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    Description

    Eanger Irving Couse (American, 1866-1936)
    The Pottery Connoisseur, circa 1930
    Oil on canvas
    20 x 24 inches (50.8 x 61.0 cm)
    Signed lower left: E-I-Couse - N-A-
    Titled on stretcher: The Pottery Connisseur [sic]

    PROVENANCE:
    The artist;
    Kibbey Couse, the artist's son, by descent from the above;
    Veda and Ward Vickery, Taos, New Mexico, acquired from the above, 1964;
    By descent to the present owner.


    The Pottery Connoisseur exhibits the finest qualities of Couse's mature oeuvre: the romantic subject of the contemplative lone Indian craftsman, dramatic firelight chiaroscuro, and a tonal burnt-orange-gold palette affecting a poetic atmosphere. Equally significant, The Pottery Connoisseur points to the connoisseurship developed by art enthusiasts in New Mexico at mid-century. Notables in the Taos art community from the late 1930s through 1960s, Veda and Ward Vickery from Wichita, Kansas, amassed an impressive collection of Taos School paintings; among them, the present work, purchased directly from Couse's son Kibbey in 1964, has remained a treasure in the Vickery family.

    In the early 1930s when he painted The Pottery Connoisseur, Couse was at the height of his career, having fully established himself within the Taos artist colony. After decades of training in illustrious institutions, including the Chicago Art Institute, National Academy of Design in New York, and Académie Julian in Paris, he first heard about Taos in 1902 through his artist friend Ernest Blumenschein, who described the incomparable light and fresh subjects that New Mexico had to offer. Enticed, Couse and his wife, fellow artist Virginia Walker, began spending their summers in Taos, all too happy to leave behind the rat race of New York. In 1910, they refurbished a Spanish monastery there into a home and studio. Five years later, the Taos Society of Artists was formed, and Couse was elected its first president. His paintings from this period readily adopted a brighter palette and indigenous subjects, particularly the Pueblo Indians, whose gentle demeanor and artistic practices reminded him of the Chippewa Indians he had drawn as a boy in Saganaw, Michigan. Couse's celebrity in Taos continued to grow well after his family permanently settled there in 1927, due in large measure to the patronage of the Santa Fe Railroad, which published over twenty of his paintings on covers of its annual calendar.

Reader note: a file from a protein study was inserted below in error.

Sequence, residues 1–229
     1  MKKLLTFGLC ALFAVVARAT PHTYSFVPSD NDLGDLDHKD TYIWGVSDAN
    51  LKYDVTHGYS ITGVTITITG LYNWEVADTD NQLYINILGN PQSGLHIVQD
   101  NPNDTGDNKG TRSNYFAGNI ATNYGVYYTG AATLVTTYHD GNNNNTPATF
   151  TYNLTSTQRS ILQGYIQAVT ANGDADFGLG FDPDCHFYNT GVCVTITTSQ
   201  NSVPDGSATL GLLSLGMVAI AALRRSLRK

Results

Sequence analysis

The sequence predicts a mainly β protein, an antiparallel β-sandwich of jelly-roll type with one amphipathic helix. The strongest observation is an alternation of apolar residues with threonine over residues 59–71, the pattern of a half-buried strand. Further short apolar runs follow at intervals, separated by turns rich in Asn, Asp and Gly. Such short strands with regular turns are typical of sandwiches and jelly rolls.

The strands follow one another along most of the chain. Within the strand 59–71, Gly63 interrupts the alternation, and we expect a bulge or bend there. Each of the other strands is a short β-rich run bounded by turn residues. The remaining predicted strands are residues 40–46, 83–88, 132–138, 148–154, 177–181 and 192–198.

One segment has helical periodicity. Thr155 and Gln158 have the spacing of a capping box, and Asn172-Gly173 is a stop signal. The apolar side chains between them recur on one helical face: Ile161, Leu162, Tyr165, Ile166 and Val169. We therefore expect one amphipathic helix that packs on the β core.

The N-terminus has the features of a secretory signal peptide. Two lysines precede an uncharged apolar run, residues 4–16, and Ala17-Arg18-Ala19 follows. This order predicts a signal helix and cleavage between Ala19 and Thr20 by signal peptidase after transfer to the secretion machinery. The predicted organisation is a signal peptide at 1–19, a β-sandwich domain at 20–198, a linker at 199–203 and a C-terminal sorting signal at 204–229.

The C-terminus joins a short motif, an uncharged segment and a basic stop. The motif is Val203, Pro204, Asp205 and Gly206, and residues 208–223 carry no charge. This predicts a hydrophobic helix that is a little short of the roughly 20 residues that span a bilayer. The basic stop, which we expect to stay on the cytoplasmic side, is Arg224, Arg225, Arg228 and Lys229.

Couse repeated two primary themes in his Taos paintings: the Pueblo naturalist outdoors by a stream, usually fishing or meditating, and the Pueblo craftsman in an adobe interior illuminated by firelight. For the latter "firelight paintings," Couse employed his own studio on Kit Carson Road as the setting, situating his solitary subject in the alcove he had specially outfitted with a kiva fireplace. Rather than offer an expansive view of the object-filled studio, Couse radically compressed the space and minimized the backdrop of these firelight compositions in order to focus on the subject, squatting in profile and engaged in his particular creative endeavor. Couse's firelight artisans demonstrate a wide variety of skills: playing the tom-tom or flute, shaping and decorating pots, drilling turquoise beads, painting a war shield, making kachina dolls and hair ornaments, weaving blankets, inspecting beaded bags, wrapping or straightening arrows, or conjuring spirits.

    The Pottery Connoisseur depicts one of Couse's devoted models, Ben Lujan, carefully assessing a Zia pot, so identified by its undulating geometric band and stylized red flower with berries. Other carefully placed vessels-a Southern Plains storage jar in the corner and a Pueblo, possibly San Ildefonso, pot by his hip--underscore his role as a potter and pottery expert. Couse's attention to the sitter's muscular physique and the details of his breechcloth, leggings, and moccasins (assorted costume props from the studio) reflects his academic training under William Adolphe Bouguereau at the Academie Julian. Indeed, Couse here paints a portrait of the Native American as a classicized figure with refined body and mind. Further romanticizing the atmosphere of The Pottery Connoisseur, dramatic light, produced from the studio fireplace beyond the picture plane, casts an "alter-spirit" shadow of Ben Lujan on the wall, while heightening the rich coloration and textures of the adobe setting. Firelight illuminates not merely the artisan, but the Zia pot, the product of his creativity. This particular pot, one of hundreds that Couse collected, was an especial favorite and appears in several firelight paintings, including Pottery Maker by Firelight (private collection), Tom-Tom Player-Firelight (Rockwell Museum of Art, Corning, New York), and The Pueblo Weaver (private collection).